Nicer way to check for a flag presence

Imagine you have this enum definition and a variable of same type:

[Flags] public enum Tubo { One, Two } ... Tubo tubo = Tubo.One;

Now, how do you check if a variable of type Tubo contains a flag, i.e. Tubo.One? Simple, like this:

bool b = (tubo & Tubo.One) == Tubo.One;

But do you really like this notation? I mean it is a lot of typing and the expression is not clear at first sight. That's why I checked out if extension methods might help. So I created this experimental method:

public static bool Contains<T>(this T list, T flag) where T : struct { return (Convert.ToInt32(list) & Convert.ToInt32(flag)) == Convert.ToInt32(flag); }

And the new test would look like this:

bool b = tubo.Contains(Tubo.One);

Isn't this notation much more readable and easy to type? Sure. But there are two drawbacks in here:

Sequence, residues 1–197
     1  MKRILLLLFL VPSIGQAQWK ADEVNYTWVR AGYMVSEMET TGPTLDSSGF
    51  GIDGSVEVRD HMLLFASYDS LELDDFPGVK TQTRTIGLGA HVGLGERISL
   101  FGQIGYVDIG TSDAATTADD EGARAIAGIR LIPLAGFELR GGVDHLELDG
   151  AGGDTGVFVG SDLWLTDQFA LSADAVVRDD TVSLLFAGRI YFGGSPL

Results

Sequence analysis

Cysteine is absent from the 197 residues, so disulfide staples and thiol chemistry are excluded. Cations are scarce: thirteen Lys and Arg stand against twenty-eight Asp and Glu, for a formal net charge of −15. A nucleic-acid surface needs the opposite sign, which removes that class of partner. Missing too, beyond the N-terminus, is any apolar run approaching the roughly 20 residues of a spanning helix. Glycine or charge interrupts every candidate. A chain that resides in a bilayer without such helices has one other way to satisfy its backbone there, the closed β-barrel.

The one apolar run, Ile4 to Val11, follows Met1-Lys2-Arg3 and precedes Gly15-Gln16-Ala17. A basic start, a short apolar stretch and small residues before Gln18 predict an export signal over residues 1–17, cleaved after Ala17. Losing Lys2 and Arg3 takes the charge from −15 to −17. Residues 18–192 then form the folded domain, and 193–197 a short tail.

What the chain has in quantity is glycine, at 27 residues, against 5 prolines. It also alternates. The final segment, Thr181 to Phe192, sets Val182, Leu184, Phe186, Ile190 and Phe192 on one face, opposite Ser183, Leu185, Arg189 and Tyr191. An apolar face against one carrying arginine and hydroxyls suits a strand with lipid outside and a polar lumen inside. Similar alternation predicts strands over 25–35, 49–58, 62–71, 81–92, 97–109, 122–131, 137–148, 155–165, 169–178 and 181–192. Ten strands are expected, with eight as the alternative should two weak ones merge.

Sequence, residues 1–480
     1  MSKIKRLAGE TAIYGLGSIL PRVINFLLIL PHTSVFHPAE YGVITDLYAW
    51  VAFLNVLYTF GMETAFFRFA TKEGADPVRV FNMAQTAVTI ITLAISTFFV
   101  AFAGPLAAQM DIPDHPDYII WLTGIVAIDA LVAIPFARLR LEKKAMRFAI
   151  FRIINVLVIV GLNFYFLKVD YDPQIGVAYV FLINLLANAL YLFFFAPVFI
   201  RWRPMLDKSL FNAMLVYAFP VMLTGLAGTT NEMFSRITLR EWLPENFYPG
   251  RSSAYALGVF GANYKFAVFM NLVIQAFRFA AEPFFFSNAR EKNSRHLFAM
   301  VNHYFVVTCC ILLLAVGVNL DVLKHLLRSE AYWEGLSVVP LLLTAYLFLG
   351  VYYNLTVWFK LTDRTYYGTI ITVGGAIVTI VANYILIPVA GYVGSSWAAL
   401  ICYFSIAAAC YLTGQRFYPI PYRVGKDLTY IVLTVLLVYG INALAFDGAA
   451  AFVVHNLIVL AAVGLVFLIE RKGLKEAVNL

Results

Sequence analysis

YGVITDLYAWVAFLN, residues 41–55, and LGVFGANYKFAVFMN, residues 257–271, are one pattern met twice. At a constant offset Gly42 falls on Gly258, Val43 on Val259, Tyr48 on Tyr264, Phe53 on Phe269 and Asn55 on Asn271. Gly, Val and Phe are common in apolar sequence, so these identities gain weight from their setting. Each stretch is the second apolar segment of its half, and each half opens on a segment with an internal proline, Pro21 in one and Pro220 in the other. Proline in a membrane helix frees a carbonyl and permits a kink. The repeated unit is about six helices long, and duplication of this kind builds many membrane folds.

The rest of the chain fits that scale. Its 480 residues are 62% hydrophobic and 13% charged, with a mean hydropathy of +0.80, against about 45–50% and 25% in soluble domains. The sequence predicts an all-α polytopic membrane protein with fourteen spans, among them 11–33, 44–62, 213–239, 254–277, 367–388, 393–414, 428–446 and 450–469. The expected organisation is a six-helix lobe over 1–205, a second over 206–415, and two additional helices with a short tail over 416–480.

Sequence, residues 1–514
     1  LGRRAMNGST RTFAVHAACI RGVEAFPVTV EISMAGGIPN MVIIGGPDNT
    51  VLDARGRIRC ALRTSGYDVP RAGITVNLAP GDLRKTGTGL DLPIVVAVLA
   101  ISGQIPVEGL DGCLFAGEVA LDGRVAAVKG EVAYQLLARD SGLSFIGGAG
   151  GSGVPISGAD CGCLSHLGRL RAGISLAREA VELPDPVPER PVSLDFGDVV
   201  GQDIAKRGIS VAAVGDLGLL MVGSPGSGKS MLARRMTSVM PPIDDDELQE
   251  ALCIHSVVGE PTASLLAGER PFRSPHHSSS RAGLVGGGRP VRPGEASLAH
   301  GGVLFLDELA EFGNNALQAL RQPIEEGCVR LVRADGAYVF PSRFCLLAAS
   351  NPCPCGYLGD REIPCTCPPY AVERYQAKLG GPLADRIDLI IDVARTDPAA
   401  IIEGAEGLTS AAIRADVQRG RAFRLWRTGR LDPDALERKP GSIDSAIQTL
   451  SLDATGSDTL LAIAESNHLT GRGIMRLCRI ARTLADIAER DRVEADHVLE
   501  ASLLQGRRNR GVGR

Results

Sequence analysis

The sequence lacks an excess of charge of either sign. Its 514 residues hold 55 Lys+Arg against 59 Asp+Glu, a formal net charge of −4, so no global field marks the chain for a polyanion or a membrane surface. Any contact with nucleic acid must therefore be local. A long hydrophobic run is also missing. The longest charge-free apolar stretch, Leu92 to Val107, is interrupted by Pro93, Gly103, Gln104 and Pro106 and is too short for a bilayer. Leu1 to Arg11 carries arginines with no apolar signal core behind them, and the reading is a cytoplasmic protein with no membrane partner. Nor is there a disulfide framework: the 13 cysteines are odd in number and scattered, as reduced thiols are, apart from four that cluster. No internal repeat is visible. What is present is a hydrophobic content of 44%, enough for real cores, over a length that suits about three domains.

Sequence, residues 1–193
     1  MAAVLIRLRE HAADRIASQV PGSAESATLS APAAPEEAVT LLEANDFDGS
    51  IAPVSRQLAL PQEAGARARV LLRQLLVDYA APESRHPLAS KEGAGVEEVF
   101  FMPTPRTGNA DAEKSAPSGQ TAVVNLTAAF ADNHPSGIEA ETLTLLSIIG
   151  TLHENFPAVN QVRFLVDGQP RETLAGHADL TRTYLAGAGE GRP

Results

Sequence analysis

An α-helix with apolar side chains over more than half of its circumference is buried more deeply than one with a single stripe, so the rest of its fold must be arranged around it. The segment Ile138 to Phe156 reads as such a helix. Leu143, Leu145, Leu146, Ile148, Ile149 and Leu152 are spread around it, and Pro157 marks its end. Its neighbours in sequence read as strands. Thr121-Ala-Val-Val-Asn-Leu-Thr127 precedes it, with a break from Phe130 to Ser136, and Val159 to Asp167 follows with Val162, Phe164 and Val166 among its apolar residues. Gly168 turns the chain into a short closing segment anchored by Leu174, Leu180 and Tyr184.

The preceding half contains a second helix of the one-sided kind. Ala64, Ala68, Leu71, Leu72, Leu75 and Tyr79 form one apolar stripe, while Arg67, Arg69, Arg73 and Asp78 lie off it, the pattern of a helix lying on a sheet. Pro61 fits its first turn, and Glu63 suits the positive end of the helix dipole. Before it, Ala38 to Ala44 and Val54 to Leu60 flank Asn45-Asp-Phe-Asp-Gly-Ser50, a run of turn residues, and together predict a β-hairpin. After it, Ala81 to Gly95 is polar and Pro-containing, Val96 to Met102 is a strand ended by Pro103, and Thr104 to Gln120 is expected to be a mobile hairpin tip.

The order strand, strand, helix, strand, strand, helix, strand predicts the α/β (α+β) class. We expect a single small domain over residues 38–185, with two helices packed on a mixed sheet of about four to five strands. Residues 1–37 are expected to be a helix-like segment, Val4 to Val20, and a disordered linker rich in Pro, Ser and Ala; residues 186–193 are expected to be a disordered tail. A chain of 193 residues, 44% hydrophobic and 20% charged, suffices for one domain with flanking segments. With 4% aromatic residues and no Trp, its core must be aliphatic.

1. If a non-numeric structure is used the compiler won't catch the error (the restriction of generic type T is struct) – at the runtime you'll get casting error when the structure can't be converted to Int32.
  2. Performance. There is a monstrous performance hit, like 500x slower. There are many operations involved – mostly because of Convert.ToInt32 method usage. (extension method call is probably inlined). There is no other way since, as far as Contains method knows, the arguments are struct types, and struct types can't be used like numbers just like that.IOW this code won't work:
  3. public static bool Contains<T>(this T list, T flag) where T : struct { return (int)list & (int)flag == (int)flag; }

    But if the code above worked one would get a decent performance, not much slower than doing a simple bitwise and operation.

Unfortunately there is no better solution AFAIK. It would certainly help if we could restrict generic type T to enum (where T: enum).

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